If you take into account newer screens with even larger DPI than retina displays, sizes should be double and triple the normal image size to effectively be used on screens such as retina, High-dpi IPS, or 4k, etc. The browser, will pick the best image needed(or should in more modern browsers) while gracefully falling back on the normal 300px image you set, so if you only need 300px wide, you should also include at a minimum, the 600px as well for retina, and possibly larger sets than that for higher res DPI screens. This is more future proofing than total solution, but you also have the option of manually adding html markup with set sizes, and you can even add the srcset yourself manually, which should override WP's settings to add all of them, if I am not mistaken.

Also to quote here- https://make.wordpress.org/core/2015/11/10/responsive-images-in-wordpress-4-4/ - "Note that for compatibility with existing markup, neither srcset nor sizes are added or modified if they already exist in content HTML." which is my thinking of, instead of adding media button to insert, copy the uploaded images URL, and manually add the HTML to override.

Replying to lisota:

On our site, we have a number of image sizes registered in WP, in addition to the default ones, for a variety of purposes. A large one to fill the width of our column, smaller ones for some custom image output, etc.

The result of this is a sloppy srcset candidate list filled with URLs that may make no logical sense in a particular location in the markup. WP does have an upper size limit to prevent giant images from being in srcset, and also matches aspect ratio, but nothing else.

I have been able to hack together a filter using wp_calculate_image_srcset_meta to unset various sizes in the sizes array. But if the full size of the image is smaller than the max_srcset_width parameter, it still gets included, and there should be some way to remove it. The full size of the image is not part of the sizes array in image_meta.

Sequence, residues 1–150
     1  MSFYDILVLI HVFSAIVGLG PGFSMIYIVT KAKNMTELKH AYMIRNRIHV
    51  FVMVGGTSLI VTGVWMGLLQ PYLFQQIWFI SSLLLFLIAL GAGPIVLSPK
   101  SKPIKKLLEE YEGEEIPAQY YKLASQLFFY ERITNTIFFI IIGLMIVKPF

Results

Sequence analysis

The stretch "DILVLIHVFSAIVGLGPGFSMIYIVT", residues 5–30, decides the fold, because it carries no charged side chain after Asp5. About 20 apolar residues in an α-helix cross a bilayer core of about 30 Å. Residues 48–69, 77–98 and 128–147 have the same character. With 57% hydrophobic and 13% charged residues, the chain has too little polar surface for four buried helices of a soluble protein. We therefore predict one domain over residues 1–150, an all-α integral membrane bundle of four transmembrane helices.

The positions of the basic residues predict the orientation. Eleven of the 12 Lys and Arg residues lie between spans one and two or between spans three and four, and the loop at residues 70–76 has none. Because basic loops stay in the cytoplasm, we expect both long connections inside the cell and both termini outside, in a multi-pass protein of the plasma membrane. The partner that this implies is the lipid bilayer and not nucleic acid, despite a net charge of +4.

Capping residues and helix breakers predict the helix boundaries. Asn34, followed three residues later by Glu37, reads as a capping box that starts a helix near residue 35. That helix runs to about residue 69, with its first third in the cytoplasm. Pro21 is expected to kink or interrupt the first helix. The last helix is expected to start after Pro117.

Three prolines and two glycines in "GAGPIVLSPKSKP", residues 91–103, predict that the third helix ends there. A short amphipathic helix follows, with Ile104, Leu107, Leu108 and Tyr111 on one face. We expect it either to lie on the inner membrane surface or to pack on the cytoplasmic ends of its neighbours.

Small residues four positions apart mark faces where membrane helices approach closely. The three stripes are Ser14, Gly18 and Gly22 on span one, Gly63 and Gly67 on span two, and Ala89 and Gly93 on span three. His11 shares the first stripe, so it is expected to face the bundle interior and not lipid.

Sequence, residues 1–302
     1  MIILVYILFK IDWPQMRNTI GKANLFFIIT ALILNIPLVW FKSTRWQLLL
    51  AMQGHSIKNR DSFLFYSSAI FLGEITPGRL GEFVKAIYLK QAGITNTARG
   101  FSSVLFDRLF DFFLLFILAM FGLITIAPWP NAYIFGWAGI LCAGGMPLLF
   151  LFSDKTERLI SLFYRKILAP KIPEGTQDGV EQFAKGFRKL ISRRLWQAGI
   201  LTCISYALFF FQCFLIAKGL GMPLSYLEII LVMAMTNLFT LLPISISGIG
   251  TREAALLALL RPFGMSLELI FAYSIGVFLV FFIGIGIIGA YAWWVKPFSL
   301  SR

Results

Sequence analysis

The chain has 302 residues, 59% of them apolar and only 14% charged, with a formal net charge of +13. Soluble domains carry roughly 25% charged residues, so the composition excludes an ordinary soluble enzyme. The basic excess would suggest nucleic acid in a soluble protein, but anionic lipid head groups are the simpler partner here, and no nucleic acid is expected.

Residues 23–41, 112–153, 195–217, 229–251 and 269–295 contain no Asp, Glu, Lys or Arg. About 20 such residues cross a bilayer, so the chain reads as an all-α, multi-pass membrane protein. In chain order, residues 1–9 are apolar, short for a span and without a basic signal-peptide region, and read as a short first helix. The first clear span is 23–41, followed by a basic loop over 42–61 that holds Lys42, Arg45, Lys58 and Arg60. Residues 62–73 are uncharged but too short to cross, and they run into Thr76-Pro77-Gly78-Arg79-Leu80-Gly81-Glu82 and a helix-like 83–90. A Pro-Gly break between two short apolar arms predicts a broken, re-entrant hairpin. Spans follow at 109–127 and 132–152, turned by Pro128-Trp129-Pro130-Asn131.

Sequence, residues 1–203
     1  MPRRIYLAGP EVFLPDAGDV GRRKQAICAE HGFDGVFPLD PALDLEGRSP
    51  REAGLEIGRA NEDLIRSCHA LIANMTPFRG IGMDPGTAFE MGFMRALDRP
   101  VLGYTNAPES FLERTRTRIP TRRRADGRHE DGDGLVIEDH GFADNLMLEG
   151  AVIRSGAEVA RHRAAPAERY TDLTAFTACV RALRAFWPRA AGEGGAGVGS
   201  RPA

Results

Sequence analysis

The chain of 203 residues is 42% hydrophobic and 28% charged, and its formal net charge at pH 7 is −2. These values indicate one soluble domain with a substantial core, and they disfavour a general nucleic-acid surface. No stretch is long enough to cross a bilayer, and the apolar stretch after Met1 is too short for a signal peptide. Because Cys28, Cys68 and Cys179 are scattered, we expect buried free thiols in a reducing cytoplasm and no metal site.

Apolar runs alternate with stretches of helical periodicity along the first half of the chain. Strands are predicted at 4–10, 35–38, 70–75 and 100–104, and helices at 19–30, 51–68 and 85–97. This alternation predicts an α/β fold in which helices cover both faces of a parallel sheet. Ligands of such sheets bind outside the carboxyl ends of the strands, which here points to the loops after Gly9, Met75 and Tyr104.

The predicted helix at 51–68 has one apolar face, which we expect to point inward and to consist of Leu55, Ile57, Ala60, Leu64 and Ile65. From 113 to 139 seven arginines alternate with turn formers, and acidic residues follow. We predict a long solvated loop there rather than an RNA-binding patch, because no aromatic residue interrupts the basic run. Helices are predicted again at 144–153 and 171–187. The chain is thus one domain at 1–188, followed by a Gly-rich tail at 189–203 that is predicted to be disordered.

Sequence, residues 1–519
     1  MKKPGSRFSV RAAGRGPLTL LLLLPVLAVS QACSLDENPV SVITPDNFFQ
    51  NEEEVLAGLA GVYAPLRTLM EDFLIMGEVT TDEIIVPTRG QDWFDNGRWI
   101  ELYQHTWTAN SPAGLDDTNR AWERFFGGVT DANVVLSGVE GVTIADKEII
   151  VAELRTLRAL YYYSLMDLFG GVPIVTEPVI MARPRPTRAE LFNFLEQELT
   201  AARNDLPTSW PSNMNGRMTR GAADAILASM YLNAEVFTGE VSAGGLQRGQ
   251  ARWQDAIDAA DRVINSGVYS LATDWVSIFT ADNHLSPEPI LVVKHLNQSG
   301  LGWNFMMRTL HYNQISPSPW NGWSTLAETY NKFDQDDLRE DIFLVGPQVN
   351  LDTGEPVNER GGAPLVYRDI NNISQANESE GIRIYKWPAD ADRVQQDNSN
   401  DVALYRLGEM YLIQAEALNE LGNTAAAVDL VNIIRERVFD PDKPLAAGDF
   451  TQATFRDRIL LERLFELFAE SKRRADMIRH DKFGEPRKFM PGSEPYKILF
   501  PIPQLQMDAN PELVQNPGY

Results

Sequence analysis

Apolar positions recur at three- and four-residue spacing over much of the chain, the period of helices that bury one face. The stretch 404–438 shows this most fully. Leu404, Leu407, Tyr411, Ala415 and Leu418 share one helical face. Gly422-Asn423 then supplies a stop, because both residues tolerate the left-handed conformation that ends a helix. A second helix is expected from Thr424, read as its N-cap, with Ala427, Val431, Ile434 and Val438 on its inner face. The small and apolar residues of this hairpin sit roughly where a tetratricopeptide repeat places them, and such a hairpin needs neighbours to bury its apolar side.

It actually points to a larger issue with WP srcset implementation, which is that is mindlessly fills the HTML with srcset candidates that in many instances would never be used, adding lots of excess markup that a developer wouldn't add.

For example, we have a 300px wide sidebar where we output an image. The sidebar is never larger than 300px, and even is that size in our responsive site on mobile. The srcset outputs a 150px, 200px, 300px, 600px, 768px and 1240px, based on the sizes registered in our installation and the built-in ones. Logisitically, all that is really needed for this layout is 300px and probably the 600px version. We have all sorts of examples like this where the srcset includes either smaller or larger sizes than are physically possible in a given layout.

Obviously WordPress cannot know how a site is styled, but it feels like there needs to be a more robust way of dealing with this. It is not a great feature to load up on unneeded markup.

As a theme developer, I would like the ability to constrain the srcset candidate list in an intelligent way each time I output img tags into the markup. It is easy for me to say "at this location, this image will never be smaller than 300px, so don't give me anything smaller, and will also never be bigger than 300px, so only go up to a 2x version and skip anything larger.

I'm guessing this is exacerbated by a variety of themes and pluging that may load up on extra registered image sizes as well.